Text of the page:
For my birthday last year, my dear roommate Clara got me the best calendar ever. It is based on this book:
As a huge cat lover and a medium-sized art lover, I've found it very enjoyable. It's full of pictures of cats painting and fabulous commentary that illustrates the pretentiousness of modern art criticism better than anything I've ever seen. It's adorable/hilarious. An excerpt:
On mornings when the sun shines obliquely through the aquarium, Purrtle will sometimes spend several hours exciting the Red-Cap Orandas by flicking his fluffy white tail at them. The more frustrated he becomes the more he flicks, and the more the fish dart about until simultaneous bursts of high feline and piscine tail energy are engendered. It is these sessions that are the inevitable precursors to Purrtle's painting. The resulting works are full of frenzy and turbulent passion yet laden with implication, every aspect of them exhibiting the undiluted essence of feline frustration. Using bold downward strokes, Purrtle perfectly captures the essence of piscine form. We immediately see the red head of the fish and its white tail flashing behind as it dives down from right to left and there can be no doubt that this is a fulminating moment of pure escape from the watchful eyes (top right). But despite its evident pictorialism, the feline self, depicted by its own white tail is cleverly dispersed throughout the work. As critic Kevin Casey notes, "...Purrtle's solipsism poignantly reflects the feline self encouraging itself through the juxtaposition of waving appendages--each coexisting as reluctant coordinates in glassed-off virtual reality."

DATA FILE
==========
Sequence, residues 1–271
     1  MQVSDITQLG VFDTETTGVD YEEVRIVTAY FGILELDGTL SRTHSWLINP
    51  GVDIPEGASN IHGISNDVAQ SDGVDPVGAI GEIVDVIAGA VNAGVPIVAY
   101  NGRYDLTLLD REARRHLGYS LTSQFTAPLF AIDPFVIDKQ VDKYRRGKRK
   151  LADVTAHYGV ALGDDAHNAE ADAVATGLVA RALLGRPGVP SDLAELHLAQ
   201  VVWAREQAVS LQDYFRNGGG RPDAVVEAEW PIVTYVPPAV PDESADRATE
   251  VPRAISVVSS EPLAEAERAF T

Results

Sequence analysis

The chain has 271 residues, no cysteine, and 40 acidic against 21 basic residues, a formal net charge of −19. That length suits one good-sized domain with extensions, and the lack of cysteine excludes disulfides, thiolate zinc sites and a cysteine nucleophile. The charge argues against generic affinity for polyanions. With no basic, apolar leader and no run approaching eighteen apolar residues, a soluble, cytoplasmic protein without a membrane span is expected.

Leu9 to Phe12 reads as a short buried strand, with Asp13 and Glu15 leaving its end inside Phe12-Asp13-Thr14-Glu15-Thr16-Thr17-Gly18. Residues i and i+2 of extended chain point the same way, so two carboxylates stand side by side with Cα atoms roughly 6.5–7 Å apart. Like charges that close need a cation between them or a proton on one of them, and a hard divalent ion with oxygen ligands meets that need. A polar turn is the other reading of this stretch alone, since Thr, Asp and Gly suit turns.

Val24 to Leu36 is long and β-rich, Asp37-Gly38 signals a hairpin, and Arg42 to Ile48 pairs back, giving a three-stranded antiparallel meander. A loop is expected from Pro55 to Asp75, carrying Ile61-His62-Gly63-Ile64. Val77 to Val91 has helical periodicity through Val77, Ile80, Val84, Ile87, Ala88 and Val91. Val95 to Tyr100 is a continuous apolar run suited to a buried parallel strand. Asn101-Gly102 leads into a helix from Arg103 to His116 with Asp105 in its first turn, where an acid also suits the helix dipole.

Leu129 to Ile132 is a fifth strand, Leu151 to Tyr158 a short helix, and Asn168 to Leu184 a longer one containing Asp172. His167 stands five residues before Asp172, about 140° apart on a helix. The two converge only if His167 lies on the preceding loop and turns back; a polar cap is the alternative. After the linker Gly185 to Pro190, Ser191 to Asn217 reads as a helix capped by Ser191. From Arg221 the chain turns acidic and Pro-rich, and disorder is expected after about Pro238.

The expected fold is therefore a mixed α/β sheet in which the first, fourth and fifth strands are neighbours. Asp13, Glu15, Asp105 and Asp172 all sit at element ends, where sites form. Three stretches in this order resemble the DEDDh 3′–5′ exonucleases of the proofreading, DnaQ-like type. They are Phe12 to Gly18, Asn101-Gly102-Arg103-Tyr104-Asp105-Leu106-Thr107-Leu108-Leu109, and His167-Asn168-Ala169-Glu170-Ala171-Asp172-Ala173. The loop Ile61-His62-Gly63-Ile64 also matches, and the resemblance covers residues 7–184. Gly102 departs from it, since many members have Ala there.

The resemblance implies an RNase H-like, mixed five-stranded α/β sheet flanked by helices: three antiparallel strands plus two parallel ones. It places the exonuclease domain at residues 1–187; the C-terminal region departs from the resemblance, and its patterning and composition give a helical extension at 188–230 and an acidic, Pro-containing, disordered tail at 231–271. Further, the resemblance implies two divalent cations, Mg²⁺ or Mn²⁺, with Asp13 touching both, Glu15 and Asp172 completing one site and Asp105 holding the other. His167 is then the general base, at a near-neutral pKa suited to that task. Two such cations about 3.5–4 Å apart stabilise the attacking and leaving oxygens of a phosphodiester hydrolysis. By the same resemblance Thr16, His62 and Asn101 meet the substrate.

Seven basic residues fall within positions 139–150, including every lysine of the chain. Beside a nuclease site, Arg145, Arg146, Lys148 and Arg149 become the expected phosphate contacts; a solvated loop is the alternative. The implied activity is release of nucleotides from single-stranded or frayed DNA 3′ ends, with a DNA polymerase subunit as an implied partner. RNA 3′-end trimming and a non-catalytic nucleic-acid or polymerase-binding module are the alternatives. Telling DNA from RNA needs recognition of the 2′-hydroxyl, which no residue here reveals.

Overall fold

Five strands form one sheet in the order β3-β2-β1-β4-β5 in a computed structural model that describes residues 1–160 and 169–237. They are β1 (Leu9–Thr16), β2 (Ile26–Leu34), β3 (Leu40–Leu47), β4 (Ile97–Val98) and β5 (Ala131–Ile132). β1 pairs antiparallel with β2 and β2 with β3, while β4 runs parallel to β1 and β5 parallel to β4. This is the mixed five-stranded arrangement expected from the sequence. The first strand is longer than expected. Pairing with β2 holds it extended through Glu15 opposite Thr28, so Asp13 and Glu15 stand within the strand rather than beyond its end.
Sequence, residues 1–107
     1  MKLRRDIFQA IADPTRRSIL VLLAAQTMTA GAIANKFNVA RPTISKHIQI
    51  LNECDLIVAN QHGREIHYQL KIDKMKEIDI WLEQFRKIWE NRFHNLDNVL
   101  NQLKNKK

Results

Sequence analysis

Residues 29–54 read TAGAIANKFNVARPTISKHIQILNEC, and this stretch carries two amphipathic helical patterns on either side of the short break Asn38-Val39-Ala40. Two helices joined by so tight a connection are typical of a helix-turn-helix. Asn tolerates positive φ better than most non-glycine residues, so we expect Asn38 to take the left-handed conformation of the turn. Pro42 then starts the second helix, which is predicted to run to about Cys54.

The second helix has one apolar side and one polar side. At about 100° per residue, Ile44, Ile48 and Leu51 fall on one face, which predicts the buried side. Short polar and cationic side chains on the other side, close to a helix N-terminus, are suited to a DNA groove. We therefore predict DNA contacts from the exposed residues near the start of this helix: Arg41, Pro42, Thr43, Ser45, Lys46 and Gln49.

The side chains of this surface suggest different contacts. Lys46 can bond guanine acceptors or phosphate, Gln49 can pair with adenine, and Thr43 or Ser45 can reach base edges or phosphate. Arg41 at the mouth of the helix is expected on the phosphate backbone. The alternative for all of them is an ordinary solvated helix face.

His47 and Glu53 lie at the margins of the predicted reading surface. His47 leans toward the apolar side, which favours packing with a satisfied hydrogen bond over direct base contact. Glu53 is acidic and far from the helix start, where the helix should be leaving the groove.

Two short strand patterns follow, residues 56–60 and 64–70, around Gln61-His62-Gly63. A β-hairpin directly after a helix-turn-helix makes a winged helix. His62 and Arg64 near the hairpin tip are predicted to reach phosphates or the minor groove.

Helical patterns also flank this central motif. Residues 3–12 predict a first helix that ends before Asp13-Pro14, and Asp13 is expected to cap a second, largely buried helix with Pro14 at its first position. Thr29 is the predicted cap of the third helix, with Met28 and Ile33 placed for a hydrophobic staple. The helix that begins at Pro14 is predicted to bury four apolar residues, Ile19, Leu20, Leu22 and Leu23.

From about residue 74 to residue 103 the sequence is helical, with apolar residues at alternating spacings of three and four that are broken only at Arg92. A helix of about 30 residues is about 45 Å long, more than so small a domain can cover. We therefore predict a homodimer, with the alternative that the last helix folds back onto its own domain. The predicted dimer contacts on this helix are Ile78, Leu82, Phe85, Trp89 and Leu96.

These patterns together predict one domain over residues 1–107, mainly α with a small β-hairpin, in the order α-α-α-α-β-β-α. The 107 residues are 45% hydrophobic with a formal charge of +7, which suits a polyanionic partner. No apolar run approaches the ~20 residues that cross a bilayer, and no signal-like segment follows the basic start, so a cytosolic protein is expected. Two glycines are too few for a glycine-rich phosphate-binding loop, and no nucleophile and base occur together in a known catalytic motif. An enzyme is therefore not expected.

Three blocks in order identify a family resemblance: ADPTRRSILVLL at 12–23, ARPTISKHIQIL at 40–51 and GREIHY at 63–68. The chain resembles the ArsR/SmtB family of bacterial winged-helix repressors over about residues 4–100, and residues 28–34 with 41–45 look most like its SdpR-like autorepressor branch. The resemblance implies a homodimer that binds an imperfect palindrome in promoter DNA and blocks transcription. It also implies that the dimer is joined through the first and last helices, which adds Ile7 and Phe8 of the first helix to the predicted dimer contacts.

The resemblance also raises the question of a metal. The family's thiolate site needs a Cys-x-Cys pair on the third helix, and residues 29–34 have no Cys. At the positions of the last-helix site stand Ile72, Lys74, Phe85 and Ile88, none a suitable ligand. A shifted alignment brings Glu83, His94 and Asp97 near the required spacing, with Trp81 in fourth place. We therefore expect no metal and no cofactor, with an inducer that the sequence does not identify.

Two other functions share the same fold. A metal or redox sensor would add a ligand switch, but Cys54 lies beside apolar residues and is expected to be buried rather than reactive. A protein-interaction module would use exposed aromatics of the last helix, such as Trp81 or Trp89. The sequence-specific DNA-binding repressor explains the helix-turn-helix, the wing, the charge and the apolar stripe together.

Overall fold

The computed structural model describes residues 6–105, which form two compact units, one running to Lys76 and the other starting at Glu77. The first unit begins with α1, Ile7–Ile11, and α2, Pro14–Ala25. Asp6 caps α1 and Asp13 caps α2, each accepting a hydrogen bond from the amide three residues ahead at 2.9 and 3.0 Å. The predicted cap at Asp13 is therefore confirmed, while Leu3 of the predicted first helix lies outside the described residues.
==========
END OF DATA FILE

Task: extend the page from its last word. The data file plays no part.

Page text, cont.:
It's brilliant, yes?
My thoughts on that one variety of modern art that people look at and say, "my cat could've painted that": It doesn't take a ton of talent to create. I know that. But that doesn't mean there isn't a lot to appreciate. People who believe that just because something is easy to do it can't be admired are missing out on many beautiful things in life. There's actually real life aesthetic value to some of the cat paintings in the calendar. I don't believe Purrtle was thinking solipsistic thoughts whilst dipping his paws in paint and stroking them on a card on the wall, but I would hang up that picture he is painting in my house because it is pleasing to look at to me. And I can even be and have been emotionally moved by these sorts of paintings. Not because I think they say a lot about philosophies or any of that ridiculousness, but all still have an emotion attached to them. You can look at any set of random brush strokes or shapes and see "balance" or "chaos" or "agitation" or "peace" or "movement" or "progress" or "fury" if you just look to appreciate instead of to criticize. I actually really like this sort of art, judge me if you will.